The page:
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A Simple Customer Satisfaction Survey

Two questions guaranteed to help your bottom line.

I LOVE questions. As a marketing researcher, a value-add I bring frequently to clients is to help them figure out what makes customers tick – what makes customers happy, and what makes them buy more of my clients’ products and services.

One thing that absolutely, positively does NOT make customers happy? Long, boring and repetitive customer satisfaction surveys.

I have been guilty, and have seen other researchers be similarly blameworthy, of asking WAY too many questions in the typical customer survey. I have seen customer satisfaction surveys stretched to over 100 questions, which can tax the goodwill and satisfaction of even the most elated customers.

The Ultimate Question

It hit home again with me the other day when I re-read one of my favorite research books, The Ultimate Question, by Fred Reichheld. In this excellent book, Mr. Reichheld boils the customer satisfaction issue down to one ultimate question:

“How likely is it that you would recommend this company to a friend or colleague?” He uses a ten point scale, and divides the reponses as follows:

  • “9″ and “10″ Scores are “Promoters”
  • “7″ and “8″ scores are “Passives”
  • “6″ or less are “Detractors”

(NPS) Net Promoter Score = Promoters – Detractors

This could not be more simple. There typically are some follow-up questions, but the net result is a quicker survey that provides outstanding and actionable research data. REmember, it’s not the information, but WHAT you do with it that makes the difference.

I have implemented this survey for several clients, and found that respondents react very well to the simplicity, and spend less time exasperated by a convoluted line of inquiry. And for the report of findings, there is even a neat web site that provides net promoter scores for various organizations ranging from airlines to fast food, which lets you see how you stack up compared with other businesses. Clients like it because they are not overwhelmed with reams of survey data. Follow up, concrete action and score improvements are straightforward and easy for employees to understand.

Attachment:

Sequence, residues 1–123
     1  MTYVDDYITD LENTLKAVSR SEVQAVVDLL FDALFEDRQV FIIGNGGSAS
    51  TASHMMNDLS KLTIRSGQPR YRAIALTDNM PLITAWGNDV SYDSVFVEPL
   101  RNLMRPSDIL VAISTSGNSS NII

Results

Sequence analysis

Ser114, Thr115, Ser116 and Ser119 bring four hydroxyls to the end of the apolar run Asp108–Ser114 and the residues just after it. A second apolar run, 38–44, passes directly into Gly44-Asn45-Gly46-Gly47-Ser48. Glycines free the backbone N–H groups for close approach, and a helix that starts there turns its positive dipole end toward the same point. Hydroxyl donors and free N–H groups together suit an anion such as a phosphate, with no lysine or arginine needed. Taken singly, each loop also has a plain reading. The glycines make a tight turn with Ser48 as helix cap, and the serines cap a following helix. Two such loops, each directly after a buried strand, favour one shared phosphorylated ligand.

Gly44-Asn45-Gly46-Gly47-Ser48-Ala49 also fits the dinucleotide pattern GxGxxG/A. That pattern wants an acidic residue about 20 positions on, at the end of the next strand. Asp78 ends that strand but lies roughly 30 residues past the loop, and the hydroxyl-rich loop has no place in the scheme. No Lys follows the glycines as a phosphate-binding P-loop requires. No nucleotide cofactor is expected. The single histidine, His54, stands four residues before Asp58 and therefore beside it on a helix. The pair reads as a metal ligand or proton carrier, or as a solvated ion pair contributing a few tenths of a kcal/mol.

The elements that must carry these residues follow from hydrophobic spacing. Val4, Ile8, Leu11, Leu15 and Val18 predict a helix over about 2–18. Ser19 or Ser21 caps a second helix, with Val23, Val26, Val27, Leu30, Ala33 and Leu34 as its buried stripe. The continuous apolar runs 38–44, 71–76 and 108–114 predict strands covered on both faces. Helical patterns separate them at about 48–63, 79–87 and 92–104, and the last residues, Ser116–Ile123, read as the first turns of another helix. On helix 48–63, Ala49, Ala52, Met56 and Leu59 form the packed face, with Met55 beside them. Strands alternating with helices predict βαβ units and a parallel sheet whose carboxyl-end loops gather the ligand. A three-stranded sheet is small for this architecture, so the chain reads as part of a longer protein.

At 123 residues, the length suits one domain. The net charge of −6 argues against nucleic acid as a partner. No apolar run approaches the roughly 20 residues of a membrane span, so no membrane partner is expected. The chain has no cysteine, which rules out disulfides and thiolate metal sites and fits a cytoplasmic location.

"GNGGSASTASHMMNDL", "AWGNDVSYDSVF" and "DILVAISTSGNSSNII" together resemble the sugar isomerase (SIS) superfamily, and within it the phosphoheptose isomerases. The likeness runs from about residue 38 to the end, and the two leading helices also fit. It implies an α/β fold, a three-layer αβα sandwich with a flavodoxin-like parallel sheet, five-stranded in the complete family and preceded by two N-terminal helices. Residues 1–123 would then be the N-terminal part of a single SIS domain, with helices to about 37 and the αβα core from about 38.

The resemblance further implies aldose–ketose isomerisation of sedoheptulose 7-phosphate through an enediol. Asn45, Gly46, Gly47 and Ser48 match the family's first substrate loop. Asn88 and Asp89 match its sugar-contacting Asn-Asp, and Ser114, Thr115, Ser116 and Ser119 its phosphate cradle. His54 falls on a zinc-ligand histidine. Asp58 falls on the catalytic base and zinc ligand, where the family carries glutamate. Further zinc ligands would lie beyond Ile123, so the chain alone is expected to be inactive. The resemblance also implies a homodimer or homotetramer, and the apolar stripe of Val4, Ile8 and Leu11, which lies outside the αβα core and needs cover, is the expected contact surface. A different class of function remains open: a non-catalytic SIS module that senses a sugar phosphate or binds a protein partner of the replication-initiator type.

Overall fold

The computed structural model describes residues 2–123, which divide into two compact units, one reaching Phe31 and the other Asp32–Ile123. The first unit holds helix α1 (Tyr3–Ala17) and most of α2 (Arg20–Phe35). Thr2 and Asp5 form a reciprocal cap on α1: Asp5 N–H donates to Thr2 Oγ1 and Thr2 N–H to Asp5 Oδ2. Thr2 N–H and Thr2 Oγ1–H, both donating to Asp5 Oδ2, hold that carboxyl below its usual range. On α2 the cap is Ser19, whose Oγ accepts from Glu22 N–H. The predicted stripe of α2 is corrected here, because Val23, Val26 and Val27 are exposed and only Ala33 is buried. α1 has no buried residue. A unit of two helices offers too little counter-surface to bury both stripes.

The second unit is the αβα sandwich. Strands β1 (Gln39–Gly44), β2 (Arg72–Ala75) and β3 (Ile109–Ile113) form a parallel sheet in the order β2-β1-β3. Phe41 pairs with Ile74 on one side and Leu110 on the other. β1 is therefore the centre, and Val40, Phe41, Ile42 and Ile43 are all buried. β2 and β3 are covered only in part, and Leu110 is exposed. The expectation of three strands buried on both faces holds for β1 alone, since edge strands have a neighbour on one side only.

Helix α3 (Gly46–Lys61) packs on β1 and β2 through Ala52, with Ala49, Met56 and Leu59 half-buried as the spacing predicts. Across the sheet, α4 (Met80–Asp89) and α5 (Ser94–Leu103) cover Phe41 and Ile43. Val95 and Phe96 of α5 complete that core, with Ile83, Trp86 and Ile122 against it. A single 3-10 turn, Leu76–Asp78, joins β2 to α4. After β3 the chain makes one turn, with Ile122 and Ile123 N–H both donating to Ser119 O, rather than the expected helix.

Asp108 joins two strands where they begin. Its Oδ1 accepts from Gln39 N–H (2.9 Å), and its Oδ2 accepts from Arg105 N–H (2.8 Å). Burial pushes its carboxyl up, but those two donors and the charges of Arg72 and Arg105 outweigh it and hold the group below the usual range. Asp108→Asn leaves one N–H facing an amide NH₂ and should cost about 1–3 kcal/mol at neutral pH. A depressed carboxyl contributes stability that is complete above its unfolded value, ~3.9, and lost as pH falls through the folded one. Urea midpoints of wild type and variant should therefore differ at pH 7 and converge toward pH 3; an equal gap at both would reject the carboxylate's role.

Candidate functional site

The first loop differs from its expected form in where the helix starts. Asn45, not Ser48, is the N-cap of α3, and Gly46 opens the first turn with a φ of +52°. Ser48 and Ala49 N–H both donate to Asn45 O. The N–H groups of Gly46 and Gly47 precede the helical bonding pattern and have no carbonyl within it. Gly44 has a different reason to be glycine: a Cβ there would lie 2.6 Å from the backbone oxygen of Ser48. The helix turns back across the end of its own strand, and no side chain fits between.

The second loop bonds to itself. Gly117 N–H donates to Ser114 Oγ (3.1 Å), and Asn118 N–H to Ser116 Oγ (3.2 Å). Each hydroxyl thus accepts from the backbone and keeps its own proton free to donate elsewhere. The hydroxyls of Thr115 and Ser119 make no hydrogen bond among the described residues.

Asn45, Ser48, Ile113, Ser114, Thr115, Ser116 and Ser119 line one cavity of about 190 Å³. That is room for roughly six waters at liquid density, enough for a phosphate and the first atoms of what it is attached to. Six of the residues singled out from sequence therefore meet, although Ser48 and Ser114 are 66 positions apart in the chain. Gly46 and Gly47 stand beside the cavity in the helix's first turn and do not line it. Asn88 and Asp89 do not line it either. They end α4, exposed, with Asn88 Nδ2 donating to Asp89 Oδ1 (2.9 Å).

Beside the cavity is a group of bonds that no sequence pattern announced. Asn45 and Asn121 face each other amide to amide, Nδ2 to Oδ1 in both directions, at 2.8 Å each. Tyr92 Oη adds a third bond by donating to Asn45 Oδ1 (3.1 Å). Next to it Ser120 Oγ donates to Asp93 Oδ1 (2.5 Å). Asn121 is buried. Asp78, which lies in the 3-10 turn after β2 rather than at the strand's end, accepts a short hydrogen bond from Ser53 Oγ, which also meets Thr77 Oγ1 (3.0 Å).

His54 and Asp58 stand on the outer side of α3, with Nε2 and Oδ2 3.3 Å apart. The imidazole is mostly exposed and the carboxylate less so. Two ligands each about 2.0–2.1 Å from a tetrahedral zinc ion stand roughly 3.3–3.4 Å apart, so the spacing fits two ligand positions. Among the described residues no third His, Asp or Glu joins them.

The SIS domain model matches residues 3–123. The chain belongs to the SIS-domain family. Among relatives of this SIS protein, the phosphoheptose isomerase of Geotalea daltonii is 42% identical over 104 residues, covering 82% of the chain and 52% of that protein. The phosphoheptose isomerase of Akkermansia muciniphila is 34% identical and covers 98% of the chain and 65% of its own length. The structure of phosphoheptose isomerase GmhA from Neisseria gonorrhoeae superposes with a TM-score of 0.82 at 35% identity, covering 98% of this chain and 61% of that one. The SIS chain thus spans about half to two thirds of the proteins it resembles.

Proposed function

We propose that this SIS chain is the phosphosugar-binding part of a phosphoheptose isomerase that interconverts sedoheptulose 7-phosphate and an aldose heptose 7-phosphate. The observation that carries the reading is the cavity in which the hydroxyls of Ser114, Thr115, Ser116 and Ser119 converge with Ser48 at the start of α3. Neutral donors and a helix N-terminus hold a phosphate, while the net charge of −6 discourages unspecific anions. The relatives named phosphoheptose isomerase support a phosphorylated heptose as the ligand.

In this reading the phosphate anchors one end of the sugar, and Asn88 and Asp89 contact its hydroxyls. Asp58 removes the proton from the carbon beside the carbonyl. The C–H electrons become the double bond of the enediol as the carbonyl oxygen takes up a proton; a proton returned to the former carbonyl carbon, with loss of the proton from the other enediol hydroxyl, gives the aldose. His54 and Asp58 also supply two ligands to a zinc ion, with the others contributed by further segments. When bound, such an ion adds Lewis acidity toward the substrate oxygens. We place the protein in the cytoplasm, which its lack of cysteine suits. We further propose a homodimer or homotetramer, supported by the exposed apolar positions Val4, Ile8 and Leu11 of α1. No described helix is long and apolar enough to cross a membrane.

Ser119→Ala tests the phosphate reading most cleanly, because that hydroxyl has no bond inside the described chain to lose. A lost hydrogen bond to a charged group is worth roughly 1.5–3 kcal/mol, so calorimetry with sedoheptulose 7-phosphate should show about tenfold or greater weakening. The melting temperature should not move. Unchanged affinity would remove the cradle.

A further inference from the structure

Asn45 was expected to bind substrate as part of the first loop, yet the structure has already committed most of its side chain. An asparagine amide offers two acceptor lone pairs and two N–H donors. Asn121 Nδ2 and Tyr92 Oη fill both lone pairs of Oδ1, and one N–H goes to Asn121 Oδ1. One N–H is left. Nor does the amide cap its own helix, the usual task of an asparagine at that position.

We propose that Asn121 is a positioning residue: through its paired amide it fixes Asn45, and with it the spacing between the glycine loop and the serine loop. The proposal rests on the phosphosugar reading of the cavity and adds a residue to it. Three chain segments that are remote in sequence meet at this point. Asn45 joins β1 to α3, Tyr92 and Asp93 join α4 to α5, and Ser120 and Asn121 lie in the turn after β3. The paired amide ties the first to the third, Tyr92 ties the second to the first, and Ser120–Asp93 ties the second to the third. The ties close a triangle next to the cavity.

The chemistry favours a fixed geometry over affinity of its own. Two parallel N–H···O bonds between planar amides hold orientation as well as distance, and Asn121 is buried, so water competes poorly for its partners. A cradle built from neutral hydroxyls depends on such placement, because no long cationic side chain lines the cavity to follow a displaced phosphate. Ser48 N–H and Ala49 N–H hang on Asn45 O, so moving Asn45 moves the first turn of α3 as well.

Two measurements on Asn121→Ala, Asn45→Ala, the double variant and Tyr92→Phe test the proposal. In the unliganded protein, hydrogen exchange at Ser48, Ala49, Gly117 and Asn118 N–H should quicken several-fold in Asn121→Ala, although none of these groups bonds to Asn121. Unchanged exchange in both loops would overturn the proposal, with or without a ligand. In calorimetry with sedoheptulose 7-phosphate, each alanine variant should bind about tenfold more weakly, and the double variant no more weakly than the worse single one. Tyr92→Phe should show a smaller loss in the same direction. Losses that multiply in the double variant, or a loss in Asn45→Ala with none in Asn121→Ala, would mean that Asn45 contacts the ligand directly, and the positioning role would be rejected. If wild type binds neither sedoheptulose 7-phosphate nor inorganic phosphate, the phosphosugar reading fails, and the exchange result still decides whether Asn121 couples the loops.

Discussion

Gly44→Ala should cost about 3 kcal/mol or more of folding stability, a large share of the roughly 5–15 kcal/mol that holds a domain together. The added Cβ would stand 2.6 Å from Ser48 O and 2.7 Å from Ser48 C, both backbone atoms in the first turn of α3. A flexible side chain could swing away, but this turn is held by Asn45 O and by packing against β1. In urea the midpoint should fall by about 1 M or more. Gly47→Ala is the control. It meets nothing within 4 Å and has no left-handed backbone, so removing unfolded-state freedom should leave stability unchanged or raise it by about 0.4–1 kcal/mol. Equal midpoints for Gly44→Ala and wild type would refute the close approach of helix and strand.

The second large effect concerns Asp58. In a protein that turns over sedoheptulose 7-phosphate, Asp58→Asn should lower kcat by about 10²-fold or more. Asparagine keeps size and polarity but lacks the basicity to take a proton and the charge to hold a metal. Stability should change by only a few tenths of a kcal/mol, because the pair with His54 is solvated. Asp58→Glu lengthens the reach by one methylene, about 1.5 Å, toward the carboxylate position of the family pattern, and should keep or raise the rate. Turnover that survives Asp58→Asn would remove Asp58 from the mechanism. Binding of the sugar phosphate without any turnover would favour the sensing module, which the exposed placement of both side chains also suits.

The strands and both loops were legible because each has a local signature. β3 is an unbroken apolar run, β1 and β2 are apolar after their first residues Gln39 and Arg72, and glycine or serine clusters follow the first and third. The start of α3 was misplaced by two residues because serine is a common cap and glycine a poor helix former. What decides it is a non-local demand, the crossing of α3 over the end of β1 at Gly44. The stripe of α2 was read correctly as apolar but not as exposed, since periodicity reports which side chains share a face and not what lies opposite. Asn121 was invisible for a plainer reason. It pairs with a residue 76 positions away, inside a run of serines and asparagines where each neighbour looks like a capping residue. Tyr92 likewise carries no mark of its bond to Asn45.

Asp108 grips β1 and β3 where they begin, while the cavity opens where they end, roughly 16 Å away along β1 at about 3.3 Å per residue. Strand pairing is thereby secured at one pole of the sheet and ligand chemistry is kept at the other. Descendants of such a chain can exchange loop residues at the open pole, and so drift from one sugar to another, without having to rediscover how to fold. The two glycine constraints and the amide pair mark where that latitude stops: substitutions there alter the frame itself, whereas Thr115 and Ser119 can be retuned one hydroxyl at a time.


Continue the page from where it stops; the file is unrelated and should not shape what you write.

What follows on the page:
Two more questions that can yield very profitable insight:

1. How would you rate our customer service on a scale of ten, with ten being the highest?

2. (If less than 10) What would we have to change or improve to get a ten?

Then – listen. Get together with others to discuss and brainstorm your findings.

In research, simple and short are ALWAYS better.

Check out The Ultimate Question here.

And thanks so much for reading! I hope you will forward this to a friend or colleague that may find the information helpful.

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Comments

  1. Frank, we hear this such a lot – many businesses tell us that their customers hate filling in surveys! And yet we all make our customers go through this tortuous process time and again. We built a tool called Customer Thermometer to allow businesses to ask their customers just one question (Would you refer us?) or (How are we doing for you?) via email. Customers simply click one of 4 buttons as a response, straight from theie email, iPad, smartphone, whatever device they are using. The sender is then notified of each response, on a person-by-person basis, so that all feedback is trackable and actionable. We agree whoeheartedly that most businesses want to be able to take concrete action when they find out that their service has fallen short of expectation. What has been missing is the ability to simplify the customer data to that actionable point.

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